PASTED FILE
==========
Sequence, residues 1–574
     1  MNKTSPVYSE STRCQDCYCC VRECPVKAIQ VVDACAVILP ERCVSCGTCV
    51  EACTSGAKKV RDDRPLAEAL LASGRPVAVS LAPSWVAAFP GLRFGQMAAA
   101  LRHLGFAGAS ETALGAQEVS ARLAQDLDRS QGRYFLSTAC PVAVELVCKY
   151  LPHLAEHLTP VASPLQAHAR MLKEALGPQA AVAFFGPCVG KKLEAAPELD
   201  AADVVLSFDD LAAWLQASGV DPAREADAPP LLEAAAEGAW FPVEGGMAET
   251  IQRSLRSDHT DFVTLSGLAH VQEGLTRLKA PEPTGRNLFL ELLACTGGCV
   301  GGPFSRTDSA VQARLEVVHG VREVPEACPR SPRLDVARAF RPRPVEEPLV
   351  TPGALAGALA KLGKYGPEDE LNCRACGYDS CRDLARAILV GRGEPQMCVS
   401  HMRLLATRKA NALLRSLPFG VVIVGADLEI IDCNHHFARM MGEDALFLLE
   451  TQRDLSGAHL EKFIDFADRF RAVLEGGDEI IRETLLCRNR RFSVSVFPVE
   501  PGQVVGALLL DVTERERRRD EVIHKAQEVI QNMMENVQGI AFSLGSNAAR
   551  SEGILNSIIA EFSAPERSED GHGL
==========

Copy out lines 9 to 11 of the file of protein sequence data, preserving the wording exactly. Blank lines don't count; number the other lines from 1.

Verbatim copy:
   351  TPGALAGALA KLGKYGPEDE LNCRACGYDS CRDLARAILV GRGEPQMCVS
   401  HMRLLATRKA NALLRSLPFG VVIVGADLEI IDCNHHFARM MGEDALFLLE
   451  TQRDLSGAHL EKFIDFADRF RAVLEGGDEI IRETLLCRNR RFSVSVFPVE